Needs of Young Players


1. The Need For Safety And Security

It is an absolute requirement that young players have a safe physical environment to train in, which means playing areas that are free of any dangerous objects like glass holes etc and that are free from outside interference. Rules governing safety should be strictly enforced. Familar surroundings and setup provides emotional security and an ideal environment for experimentation and variety to keep them from getting bored.

2. The Need For New Experiences

Experience is the greatest teacher. Coaches must allow young players to explore and discover new things for themselves. This is true for most aspects of life and for all sports, especially for football. Instead of constant instruction, kids shoud preferably be stimulated with simplified games and activities which are within their reach both physically and mentally, but which also stretch their capabilities enough to be challenging. Through this process of discovery, young players can progressively develop their skillls, understanding and intelligence. Often teaching less allows children to learn more.

 3. The Need For Recognition and Encouragement

Children flourish and are highly motivated in an atomosphere of acceptance, recognition, encouragement and praise. They actually try even harder when they are rewarded for their efforts in this way. For children under 12, especially, a teacher, coach or parent is like a mirror in which they perceive their worth or competence or lack thereof. That is why educators and parents must learn to be positive, praise generously and use only constructive criticism, and that, sparingly!

4. The Need To Be Given Responsibility

Children prefer to do things on their own without too much dependence on adults. They like to reach independence as quickly as possible. The coaching methodology and approach should take this into consideration, by making sure that the children predominantly work out their own solutions to the problems  the coach presents. The coach should only intervene when they get stuck.

Children should take responsibility for small tasks like collectiong cones, but also for the learning process itself, e.g. modifying the rules of a practise game. A good idea is to allow them a period of 10 minutes or so in each training session, where they get to choose what to do, be it a practice, a game or whatever.

5. The Need For Play

Playing games is as vital for young players as breathing – necessary for the health of body and mind. Since children learn best by playing, the most important part of each training session should be the age-appropriate simplified game, designed exactly to stimulate their particular mental and physical aptitude. The art of coaoching is to ensure that the game is adapted to the players and not vice-versa, as is most commonly the case. Playing games stimulates creativity, communication with others and decision-making.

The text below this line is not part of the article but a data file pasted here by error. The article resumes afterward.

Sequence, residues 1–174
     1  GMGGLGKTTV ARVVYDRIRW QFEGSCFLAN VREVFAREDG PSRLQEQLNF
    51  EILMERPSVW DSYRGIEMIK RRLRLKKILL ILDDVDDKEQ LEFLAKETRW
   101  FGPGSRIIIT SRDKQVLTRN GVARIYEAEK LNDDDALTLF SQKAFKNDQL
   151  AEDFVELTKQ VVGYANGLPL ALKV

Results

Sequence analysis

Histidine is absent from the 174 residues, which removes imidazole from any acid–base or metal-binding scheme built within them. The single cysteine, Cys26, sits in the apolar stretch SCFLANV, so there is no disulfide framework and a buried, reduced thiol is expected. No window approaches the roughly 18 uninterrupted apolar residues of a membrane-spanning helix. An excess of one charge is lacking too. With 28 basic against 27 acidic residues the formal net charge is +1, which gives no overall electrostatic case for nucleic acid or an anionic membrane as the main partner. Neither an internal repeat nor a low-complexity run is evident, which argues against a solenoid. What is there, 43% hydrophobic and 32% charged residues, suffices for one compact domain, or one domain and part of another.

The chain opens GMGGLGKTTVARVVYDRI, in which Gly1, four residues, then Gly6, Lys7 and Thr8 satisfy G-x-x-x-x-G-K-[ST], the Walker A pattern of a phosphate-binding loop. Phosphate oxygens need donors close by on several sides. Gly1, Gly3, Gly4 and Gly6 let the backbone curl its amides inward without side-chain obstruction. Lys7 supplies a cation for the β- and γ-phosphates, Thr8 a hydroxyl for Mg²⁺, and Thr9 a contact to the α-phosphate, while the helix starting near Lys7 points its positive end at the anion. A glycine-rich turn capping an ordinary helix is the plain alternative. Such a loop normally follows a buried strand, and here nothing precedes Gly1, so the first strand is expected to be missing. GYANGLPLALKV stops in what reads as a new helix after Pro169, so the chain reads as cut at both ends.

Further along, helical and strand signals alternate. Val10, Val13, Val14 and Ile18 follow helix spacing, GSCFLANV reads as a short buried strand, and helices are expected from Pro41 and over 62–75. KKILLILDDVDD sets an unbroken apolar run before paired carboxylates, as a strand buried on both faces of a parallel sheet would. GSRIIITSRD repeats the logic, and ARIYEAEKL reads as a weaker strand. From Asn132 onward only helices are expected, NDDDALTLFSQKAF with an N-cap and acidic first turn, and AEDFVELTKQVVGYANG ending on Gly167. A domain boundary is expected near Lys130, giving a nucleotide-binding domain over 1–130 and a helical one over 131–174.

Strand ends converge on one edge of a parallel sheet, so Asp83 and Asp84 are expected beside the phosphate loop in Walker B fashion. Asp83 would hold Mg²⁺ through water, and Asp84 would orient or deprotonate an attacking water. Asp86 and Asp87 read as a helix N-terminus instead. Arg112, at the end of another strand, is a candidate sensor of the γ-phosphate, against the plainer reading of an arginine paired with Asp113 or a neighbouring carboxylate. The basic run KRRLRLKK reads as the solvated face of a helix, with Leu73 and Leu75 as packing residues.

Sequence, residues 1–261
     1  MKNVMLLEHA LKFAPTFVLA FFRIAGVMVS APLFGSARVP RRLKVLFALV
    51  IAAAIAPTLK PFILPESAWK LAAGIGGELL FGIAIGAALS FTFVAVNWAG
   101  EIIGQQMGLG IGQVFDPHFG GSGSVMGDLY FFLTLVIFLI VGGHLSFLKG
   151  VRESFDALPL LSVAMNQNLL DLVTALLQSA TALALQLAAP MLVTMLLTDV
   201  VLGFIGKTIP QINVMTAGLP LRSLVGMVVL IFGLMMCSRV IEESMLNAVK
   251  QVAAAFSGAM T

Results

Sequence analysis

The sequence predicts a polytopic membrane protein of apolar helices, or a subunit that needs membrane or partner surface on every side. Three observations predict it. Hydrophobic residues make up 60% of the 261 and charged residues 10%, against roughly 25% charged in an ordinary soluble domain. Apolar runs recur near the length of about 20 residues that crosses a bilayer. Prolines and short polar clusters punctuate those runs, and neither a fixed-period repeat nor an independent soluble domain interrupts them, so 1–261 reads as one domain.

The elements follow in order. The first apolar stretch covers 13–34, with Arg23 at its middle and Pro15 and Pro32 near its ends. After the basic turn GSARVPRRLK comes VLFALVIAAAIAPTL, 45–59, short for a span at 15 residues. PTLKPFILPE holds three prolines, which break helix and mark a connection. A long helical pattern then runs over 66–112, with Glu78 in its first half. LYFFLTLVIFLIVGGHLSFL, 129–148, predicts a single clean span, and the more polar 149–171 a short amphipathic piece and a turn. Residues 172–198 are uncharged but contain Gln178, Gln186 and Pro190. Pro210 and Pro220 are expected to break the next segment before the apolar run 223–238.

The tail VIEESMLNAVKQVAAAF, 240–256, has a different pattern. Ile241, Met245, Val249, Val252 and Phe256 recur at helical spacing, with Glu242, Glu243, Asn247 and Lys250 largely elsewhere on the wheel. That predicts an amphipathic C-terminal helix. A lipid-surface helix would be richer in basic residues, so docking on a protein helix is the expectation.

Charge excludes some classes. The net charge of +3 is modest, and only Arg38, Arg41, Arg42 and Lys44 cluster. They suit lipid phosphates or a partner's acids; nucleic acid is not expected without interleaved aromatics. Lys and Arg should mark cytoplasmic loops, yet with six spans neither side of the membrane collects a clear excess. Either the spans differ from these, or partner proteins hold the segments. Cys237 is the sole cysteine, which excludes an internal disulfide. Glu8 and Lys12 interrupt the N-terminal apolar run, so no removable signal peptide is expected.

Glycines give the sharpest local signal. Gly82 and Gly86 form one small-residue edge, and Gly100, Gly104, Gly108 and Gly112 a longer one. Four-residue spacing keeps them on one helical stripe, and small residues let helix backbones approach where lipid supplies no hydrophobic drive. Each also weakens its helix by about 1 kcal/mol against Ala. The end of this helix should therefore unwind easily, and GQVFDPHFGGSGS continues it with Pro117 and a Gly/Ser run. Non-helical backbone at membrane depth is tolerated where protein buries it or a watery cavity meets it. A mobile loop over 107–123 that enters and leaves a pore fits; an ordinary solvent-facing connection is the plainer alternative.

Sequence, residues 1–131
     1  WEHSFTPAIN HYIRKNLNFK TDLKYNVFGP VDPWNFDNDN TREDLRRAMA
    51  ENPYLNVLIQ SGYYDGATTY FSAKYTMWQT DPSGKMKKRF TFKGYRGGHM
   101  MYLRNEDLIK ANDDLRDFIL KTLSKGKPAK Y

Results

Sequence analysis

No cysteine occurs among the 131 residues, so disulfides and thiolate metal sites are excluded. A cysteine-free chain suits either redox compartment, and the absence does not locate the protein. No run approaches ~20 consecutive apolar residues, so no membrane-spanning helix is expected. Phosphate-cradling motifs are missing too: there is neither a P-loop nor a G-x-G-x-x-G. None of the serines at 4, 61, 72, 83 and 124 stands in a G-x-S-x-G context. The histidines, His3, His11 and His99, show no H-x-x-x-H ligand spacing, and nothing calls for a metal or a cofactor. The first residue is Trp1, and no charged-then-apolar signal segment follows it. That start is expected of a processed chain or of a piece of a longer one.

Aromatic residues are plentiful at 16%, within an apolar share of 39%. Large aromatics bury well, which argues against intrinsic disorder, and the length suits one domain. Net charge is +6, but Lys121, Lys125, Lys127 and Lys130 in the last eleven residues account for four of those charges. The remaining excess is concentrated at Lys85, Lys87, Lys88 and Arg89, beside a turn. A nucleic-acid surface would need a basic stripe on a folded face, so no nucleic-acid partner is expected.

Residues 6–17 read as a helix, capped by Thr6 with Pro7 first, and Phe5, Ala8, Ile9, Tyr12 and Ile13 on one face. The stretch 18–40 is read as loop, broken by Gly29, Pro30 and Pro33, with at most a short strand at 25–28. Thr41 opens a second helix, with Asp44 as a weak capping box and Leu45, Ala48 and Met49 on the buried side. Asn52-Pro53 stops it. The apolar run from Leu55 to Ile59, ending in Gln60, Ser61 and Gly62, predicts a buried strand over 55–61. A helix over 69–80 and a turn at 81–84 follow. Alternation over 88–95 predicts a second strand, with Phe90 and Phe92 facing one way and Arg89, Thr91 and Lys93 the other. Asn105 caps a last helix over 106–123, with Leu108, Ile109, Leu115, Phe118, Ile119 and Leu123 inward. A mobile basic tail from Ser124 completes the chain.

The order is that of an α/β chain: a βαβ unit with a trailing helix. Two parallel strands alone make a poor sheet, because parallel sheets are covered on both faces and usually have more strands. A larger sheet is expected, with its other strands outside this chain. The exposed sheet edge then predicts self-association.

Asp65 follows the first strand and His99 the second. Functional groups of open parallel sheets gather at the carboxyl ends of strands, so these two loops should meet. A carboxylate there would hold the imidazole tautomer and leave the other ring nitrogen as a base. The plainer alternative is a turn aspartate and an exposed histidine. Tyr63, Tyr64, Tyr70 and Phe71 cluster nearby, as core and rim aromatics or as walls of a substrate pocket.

6. The Need To Socialize With Others

Instinctively, children reach out to others of a similar age. The older they are, the more they appreciate the company of their peers. They love to be part of a group, and find their identify often as part of a group or team with common objectives.

7. The Need To Be Active

It is natural for children to be active, not static. They should not be forced to wait in queues until it is their turn, or stand around listening to coaches for long periods of time. Kids hate these two things, lines and lectures! They violate this need to be active, are counter-productive and to be avoided at all costs!. Simplified games with smaller teams ensure greater participation for all.

8. The Need To Live In The Present

Generally speaking, children have no interest in either the past or the future. Their sense of time is completely different to that of adults. A Child lives for today only. Yesterday and Tomorrow are distant, abstract entities to them. You cannot ask them to take history or some distant future goal into consideration, they just won’t get it, so it is crucial to keep it current!

9. The Need For Variety

More variety equals less boredom and fatigue. A wide variety of stimuli, in terms of presentation and content is critical to keep kids’ attention for any length of time. It is also necessary to vary the intensity of the exercises and games. Variation can also be achieved through mixing soccer-specific with general multilateral activities (other sports) or through switching from the global method (games) to the more analytical method (exercises or drills which are specific to one topic), or , indeed, from individual training to group practice.

10. The Need To Be Understood By Adults

Children seem to live in a different world to adults. They have different problems than adults, learn in a different way and don’t think as logically as adults do. Their ideas, thoughts or reasoning often lack coherence. Their emotional stability depends to a high degree on their speed of biological growth. Generally they don’t know how to use their energy efficienctly and therefore can tire very easily, while, at the same time they can also recover quicker than adults. Their behaviour is governed by the way they feel at any given time.

Horst Wein